This piece was originally published in our April-June 2023 edition of SF Heritage News. To view the full issue, click here.
By Christine Madrid French, Director of Advocacy, Programs, & Communications
In August 1972, the Los Angeles Times published a “Torch Song for the Old S.F.” In his piece, journalist Jack Smith lamented the changes to “The Paris of the West,” pointing to the erection of new “Eiffel Tower” follies throughout the city. He lambasted the 48-story Bank of America Building, the “$400,000 public fountain which looks like a concrete bridge that has fallen down in an earthquake and sprung a leak” (referring to the water sculpture designed by Armand Vaillancourt at Justin Herman Plaza) and the unfinished subway along Market Street, disfiguring the landscape “like a mole in a garden.” Two new towers received his scorn, including the Transamerica Pyramid, which he noted was “shaped like a dunce cap,” and an “erector-set transmitter that will be higher than the Eiffel Tower itself,” referring to the Sutro Tower at Twin Peaks.
All of these structures, as well as BART, have reached the venerable marker of fifty years of age for historic significance. The Transamerica Pyramid is the most popularly known, depicted in artistic works, movies, promotions, and even Japanese anime as an international symbol for the city alongside the Golden Gate Bridge and our unique cable-car system.
Today, the Transamerica Pyramid is undergoing a massive $250 million renovation, including updates to the adjacent Redwood Park, designed by Thomas Galli in 1969. New owner Michael Shvo was born the same year that the pyramid opened and visited the building shortly after its completion. He recalled that “for a kid who grew up in Israel in a house with no running water or electricity, seeing the skyscraper was like seeing the future. It changed me.” He is investing $400 million towards “reimagining” the building and the neighborhood “because I believe in the city and what it stands for,” according to a recent interview with the San Francisco Chronicle. Renowned architect Norman Foster of Foster + Partners will be overseeing the project.
As the structure enters its second half century, SF Heritage takes a look back at its history. The Transamerica Pyramid is a 48-story modernist skyscraper located on Montgomery Street between Clay and Washington in the city’s Financial District. It was the tallest building in San Francisco from its completion in 1972 until 2018 when the newly constructed Salesforce Tower surpassed its height of 853-feet.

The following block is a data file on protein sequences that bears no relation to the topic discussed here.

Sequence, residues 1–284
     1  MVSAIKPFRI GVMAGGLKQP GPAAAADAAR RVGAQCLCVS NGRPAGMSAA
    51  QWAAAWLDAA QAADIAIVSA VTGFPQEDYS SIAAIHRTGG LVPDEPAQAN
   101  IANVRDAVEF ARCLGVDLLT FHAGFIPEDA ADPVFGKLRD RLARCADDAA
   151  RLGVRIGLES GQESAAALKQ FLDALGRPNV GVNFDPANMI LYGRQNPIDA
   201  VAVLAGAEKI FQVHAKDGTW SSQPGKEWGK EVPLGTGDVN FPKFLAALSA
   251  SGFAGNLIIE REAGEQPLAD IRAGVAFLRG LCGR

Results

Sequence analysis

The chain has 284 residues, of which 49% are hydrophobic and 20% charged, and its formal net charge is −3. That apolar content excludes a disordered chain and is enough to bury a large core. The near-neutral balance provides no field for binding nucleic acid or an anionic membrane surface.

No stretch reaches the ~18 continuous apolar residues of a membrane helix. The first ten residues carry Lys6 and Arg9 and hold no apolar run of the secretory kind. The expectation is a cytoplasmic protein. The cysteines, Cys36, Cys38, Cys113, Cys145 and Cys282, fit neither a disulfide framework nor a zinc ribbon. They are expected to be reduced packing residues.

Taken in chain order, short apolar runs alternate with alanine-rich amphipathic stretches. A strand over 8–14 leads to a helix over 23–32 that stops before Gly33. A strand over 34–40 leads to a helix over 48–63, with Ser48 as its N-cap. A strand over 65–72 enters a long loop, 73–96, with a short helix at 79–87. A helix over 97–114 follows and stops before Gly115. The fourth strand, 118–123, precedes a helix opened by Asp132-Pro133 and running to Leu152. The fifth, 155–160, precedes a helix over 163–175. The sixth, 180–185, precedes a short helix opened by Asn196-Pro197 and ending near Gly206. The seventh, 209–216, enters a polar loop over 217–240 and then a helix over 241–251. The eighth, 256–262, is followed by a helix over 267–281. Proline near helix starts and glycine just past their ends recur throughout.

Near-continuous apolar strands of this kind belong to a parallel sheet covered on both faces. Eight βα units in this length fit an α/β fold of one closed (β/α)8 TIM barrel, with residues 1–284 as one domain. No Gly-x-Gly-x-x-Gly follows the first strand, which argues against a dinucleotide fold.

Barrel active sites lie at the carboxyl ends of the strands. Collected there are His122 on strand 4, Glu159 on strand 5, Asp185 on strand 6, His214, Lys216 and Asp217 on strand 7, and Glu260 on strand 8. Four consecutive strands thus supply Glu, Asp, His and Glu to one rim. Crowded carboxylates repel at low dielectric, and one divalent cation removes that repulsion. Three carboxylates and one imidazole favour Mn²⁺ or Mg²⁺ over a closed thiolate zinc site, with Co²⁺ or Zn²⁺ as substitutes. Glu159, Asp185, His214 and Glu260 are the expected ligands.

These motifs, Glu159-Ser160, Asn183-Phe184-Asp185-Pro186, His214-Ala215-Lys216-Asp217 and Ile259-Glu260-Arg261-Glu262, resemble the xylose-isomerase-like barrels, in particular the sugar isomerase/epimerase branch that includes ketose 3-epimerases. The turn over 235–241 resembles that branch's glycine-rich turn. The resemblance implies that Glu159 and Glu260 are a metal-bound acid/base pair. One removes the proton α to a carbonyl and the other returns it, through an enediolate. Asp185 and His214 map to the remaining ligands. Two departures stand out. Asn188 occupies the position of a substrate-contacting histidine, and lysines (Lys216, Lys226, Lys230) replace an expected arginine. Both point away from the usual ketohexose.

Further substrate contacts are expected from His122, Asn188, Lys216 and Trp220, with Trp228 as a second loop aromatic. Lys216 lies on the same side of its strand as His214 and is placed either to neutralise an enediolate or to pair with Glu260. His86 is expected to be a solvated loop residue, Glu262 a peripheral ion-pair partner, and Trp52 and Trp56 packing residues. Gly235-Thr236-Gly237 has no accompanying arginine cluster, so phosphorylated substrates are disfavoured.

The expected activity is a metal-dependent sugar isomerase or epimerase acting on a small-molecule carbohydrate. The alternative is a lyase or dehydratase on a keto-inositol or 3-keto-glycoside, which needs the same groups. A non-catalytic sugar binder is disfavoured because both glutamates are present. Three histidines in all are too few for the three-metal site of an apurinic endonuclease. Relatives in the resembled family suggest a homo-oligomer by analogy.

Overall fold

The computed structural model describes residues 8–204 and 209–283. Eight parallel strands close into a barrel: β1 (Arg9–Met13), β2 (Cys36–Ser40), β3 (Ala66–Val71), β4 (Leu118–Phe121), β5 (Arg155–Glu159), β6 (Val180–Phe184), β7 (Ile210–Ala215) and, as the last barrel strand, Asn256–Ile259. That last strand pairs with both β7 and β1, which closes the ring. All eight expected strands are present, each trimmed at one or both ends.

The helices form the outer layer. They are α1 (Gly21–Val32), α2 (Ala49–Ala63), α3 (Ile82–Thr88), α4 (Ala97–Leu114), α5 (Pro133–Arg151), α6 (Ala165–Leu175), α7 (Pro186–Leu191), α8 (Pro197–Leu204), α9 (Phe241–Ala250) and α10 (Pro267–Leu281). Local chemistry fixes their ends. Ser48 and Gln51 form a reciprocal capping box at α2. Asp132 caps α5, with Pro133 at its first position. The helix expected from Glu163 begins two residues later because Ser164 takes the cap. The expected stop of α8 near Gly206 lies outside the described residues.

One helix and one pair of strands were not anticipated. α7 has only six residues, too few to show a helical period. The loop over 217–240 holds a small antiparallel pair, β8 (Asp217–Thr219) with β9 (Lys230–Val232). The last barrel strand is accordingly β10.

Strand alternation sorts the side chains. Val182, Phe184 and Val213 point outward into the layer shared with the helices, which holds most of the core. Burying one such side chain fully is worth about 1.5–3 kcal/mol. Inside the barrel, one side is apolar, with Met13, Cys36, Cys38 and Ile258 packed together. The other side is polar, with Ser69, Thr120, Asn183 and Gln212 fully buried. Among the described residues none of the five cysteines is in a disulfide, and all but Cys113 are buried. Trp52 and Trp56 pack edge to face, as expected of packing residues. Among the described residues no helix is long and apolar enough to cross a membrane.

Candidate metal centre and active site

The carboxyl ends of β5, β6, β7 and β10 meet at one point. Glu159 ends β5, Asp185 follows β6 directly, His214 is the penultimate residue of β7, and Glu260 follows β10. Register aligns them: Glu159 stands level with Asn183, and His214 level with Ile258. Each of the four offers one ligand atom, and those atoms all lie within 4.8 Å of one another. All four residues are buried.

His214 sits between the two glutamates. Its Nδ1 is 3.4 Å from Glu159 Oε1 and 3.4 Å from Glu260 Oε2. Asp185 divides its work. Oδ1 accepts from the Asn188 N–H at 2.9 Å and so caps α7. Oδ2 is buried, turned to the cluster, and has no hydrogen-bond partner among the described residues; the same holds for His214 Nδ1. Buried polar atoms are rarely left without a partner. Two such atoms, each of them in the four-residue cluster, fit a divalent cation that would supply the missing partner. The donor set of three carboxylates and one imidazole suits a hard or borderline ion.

The building was commissioned by the Transamerica Corporation, a financial-services company. The company’s founder, Amadeo Giannini, had a vision of a new corporate headquarters that would symbolize the company’s forward thinking attitude and innovation. Modernist architect William Pereira brought his own eye to the project, fashioning a 20th-century interpretation of the ancient Egyptian pyramid form, with a tapered structure that allowed maximum light to enter the building. The city planning commission approved the construction by a narrow vote. The building rose from the former site of the Montgomery Block, dating back to 1853 and demolished in 1959. The city later designated Jackson Square around the tower as an historic district, with a one-year waiting period for demolition permits, to protect the remaining structures.
Construction began in 1969 and took three years to complete. During this time, the design of the building came under scrutiny from critics who argued that it would be an eyesore and not fit with the city’s architecture. Citizens celebrated the opening nonetheless, in one case building a reproduction of the building in aspic for a Culinary-Art Exhibit at the Civic Auditorium.
The building stood out for other reasons as well. Transamerica Vice President William Butts called it “the world’s safest high-rise.” A computerized, underground “command and control center” was one of the first integrated-systems approach to life safety and included two thousand electronic sensors to monitor sprinkler valves, wiring, and ventilation equipment every five seconds.
The Transamerica Corporation occupied the building until 1999 when it sold the building to Aegon, a Dutch insurance company. However, the building is still associated with the company as a feature of the company’s logo. Despite the criticism, the Transamerica Pyramid remains a beloved symbol of San Francisco and a testament to the city’s innovative spirit.